Credit: Matthias Wurz
“The idea came to me when my mother died – she was 89,” Walter Schels’ thoughts rested for a moment, his eyes glanced at the audience and then smiled gently. The 73-year-old award-winning German photographer, dressed in all-black and his camera hanging casually from his left shoulder as he speaks.
“Unlike my sister, I could not get myself to stay the night when, as it turned out, she passed away. But I had photographed her before I left that evening.” You could not help but to be moved; and yet Schels’ inability to confront his own fear about dying led to his most remarkable project: photographing faces of people nearing the end of their lives, and then shortly after they passed away. It were these photographs that deservedly earned him the second prize of the World Press Photo Award in 2004.
Walter Schels and Spiegel’ science editor Beate Lakotta – now Schels’ wife – published this remarkable collection of short biographies, their illnesses and consequently the circumstances of death, enriched by Schels’ breathtaking vivid black-and-white photographs. The book, entitled Noch mal Leben vor dem Tod. Wenn Menschen sterben, suggests entirely different view of dying, or rather living without illusions or pretense.
It is, apparently, not only a comfort to those whose live is about to end, but also to relatives and friends. But Schels’ photographs express the unspeakable for those who remain left behind – and many were drawn to the Stadmuseum Graz on Nov 3, 2009 to see Walter Schels’ work. The museum’s director, Otto Hochreiter, is responsible for securing this short but nevertheless powerful exhibition, extraordinary in its simplistic concept and design – an abridged version of the book, and in a way the attempt of breaking a taboo of not talking about death in Western society.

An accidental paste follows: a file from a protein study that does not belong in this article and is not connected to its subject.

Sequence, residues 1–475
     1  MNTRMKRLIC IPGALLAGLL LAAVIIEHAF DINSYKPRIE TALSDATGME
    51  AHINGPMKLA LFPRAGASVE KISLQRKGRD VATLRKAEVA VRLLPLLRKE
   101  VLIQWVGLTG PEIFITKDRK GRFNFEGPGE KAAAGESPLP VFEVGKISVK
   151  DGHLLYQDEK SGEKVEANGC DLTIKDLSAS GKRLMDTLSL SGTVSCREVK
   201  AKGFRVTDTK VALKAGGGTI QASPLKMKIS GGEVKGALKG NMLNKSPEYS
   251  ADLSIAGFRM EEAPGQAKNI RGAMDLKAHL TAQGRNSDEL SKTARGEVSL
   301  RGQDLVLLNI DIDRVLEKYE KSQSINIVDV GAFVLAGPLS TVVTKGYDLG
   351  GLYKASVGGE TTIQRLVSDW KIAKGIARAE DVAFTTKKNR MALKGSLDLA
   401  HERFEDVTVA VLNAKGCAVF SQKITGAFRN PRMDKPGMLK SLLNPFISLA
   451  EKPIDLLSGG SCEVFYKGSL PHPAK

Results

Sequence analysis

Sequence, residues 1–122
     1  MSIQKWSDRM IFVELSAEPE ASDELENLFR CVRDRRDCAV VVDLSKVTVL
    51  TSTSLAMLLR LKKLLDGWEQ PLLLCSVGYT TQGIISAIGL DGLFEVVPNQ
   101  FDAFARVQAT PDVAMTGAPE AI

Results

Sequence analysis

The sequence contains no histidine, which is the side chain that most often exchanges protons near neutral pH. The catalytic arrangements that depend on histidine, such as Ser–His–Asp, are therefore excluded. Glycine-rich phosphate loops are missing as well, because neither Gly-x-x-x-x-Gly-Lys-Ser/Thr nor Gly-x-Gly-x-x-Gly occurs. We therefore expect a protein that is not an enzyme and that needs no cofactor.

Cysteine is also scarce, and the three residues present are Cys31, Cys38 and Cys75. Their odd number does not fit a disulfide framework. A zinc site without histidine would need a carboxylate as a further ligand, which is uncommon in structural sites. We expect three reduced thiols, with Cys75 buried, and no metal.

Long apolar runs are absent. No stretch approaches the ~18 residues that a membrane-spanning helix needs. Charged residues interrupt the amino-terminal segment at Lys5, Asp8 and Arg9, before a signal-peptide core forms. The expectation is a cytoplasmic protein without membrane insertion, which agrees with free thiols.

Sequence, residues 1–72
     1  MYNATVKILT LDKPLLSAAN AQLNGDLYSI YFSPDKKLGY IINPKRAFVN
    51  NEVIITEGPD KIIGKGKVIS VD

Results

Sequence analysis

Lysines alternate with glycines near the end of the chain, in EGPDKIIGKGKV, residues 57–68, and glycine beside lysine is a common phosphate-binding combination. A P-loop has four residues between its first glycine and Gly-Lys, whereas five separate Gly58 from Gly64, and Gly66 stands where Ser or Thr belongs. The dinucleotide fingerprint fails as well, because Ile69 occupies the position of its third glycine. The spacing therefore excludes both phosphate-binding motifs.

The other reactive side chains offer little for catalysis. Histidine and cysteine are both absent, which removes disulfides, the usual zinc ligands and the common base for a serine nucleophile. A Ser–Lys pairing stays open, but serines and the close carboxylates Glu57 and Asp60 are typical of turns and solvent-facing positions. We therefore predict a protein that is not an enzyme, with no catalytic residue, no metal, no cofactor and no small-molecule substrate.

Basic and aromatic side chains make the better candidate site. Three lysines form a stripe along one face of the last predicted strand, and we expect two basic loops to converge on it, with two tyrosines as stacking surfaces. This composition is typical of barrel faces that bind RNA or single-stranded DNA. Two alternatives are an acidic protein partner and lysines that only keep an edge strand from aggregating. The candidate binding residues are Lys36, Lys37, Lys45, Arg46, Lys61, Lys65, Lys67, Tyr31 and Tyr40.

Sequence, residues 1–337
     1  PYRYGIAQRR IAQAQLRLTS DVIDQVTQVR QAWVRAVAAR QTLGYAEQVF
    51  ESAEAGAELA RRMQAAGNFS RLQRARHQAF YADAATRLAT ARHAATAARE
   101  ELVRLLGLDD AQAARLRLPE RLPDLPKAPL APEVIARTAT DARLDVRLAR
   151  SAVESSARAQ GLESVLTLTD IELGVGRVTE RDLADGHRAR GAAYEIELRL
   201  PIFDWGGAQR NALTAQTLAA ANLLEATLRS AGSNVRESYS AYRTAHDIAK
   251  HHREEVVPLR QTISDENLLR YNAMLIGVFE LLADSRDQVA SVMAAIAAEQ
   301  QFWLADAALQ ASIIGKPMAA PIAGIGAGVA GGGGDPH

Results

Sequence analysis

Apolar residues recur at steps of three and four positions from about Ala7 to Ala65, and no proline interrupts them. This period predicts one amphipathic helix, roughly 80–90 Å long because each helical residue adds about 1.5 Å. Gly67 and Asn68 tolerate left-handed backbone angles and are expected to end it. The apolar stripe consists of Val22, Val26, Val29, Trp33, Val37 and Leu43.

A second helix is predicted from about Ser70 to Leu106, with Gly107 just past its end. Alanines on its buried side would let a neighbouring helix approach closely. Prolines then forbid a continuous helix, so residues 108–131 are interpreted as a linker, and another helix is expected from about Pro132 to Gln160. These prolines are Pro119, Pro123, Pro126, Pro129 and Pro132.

For the opening, however, we find ourselves just outside the the exhibition hall on the second level. The audience of about 100 followed with great tension the photographer’s talk, but you could feel the impatience from some evidently eager to look at the work of art behind the closed doors. But Schels made me understand his fear of death is when talks about his childhood in Germany.
“After the second World War had ended, my grandmother was missing. So, I joined my grandfather to look for her, among the dead.” His hands movements are lively, and his white almost shoulder-long hair twirled. “So I saw many dead bodies or its parts at that time. And there were many coffins, and my grandfather used to open them to see if his wife was inside one of them. That is when I became fearful of dying. But at my age now, that moment has come much closer.”
More to follow soon!